So both magazines feed my need to see what other artists are doing in their studios. I would buy the Studios magazine again but not Where Women Create. Each magazine should feed our muse and give us some good ideas about arranging our own studios. The Studios magazine was generally much more practical with less advertising and less fluffiness.

So buy them, enjoy them and make up your own mind. There's something be be learned from both of them.

Tuesday, December 2, 2008

Further reassessing

I recently visited Casey Klahn's blog and his 11-30 post really resonated with me, as they often do. During these times of change or downturn might we want to retreat and reflect on where we're going with our art? 

Do I want to follow trends? What kind of art would I make if I knew there was no chance of selling it? And as Casey asks, does it really matter? My answer is no, it doesn't matter to me at all.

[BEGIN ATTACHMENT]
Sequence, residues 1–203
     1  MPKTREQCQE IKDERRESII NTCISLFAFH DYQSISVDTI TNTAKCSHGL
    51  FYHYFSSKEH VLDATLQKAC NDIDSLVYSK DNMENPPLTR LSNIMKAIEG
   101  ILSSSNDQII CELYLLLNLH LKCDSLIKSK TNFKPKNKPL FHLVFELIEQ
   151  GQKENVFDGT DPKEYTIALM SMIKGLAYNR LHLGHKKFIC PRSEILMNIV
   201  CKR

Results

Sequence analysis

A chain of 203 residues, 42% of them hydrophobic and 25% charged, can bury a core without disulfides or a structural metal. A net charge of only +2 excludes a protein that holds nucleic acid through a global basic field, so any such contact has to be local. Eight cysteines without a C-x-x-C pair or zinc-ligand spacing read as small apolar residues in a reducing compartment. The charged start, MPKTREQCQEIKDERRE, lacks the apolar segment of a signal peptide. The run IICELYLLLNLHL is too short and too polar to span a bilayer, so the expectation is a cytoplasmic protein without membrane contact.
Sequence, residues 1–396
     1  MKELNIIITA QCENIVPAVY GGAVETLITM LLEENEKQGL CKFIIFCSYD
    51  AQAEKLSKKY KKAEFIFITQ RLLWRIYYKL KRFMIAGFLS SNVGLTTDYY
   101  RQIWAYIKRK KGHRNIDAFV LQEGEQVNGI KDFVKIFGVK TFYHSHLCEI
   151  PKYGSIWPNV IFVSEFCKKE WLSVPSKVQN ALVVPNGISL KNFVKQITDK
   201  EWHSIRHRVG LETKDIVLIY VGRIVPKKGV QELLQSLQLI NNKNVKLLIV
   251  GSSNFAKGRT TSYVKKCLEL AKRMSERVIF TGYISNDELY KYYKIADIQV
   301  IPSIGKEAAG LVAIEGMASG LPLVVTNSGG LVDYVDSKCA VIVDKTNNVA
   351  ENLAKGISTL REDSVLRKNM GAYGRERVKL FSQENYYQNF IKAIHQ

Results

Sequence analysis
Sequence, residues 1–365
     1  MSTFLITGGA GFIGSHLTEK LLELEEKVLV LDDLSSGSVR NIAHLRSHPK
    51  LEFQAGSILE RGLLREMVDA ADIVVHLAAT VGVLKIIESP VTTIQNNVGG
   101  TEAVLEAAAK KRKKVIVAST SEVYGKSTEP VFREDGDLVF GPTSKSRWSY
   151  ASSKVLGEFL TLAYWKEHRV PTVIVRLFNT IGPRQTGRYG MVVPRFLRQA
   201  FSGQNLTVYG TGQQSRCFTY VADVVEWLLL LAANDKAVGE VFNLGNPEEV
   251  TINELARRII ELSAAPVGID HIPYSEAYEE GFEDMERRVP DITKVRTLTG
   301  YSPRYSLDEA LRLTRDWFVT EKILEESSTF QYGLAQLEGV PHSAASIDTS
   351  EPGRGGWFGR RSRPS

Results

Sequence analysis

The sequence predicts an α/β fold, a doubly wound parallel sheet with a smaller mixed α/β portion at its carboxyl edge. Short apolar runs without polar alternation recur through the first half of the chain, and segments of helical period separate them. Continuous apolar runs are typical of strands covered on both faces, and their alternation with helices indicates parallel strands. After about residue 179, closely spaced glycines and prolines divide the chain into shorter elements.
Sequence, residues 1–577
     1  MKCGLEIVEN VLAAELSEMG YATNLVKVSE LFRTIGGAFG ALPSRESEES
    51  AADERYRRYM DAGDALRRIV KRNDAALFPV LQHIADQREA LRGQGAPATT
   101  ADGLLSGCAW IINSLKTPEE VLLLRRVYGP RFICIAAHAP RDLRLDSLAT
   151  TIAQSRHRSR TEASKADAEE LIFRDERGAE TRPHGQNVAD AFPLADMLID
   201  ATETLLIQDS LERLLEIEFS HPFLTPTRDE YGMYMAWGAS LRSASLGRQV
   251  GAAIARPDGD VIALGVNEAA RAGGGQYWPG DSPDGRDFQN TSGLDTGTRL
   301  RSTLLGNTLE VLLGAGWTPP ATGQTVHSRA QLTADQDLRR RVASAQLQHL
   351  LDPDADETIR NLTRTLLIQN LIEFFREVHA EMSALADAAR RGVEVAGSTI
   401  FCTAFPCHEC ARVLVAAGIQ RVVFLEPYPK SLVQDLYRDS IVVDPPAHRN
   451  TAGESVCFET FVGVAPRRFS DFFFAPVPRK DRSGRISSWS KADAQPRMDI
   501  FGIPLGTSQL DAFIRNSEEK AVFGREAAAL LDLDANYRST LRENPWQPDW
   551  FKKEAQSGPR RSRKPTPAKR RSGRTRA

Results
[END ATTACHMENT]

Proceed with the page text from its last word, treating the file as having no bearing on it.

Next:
All of my paintings are very vivid and I just cannot bring myself to use neutrals over the wonderful colors. Then what happens to contrast? I admire paintings that make use of quiet areas in a painting and always wish I could to it too. I might experiment on some small pieces and see if my hand can put brush to canvas with neutral colors. Won't be easy!

Take a look at my friend Dusanka's slide show to see good examples of use of color and neutrals.

While I was at Casey's blog I was reminded how much I enjoy reading Edward Winkleman's blog and his good sense writing. He has some good advice about how artists can handle this challenging time. Part two is here.
Scroll down to his 11-13-08 post to see part one.

Holidays and reassessing

Since I finished the three paintings in the previous post not much art making has been going on in my studio. The holidays do seem to take up a lot of space in my thoughts and activities.

We had a wonderful Thanksgiving dinner at my daughter's house with 12 people present. Lots of laughs and good food. Four different pies! Both my son and daughter were able to be there which doesn't happen very often and there was lots of story telling and more laughs which is a perfect holiday celebration in my book. And did a mention all the food? 

So now I have to get on the internet and finish up my Christmas shopping. Seems to be lots of reasons to not be thinking about art making. Hmmm. Time to reassess my priorities? I would say yes, for sure!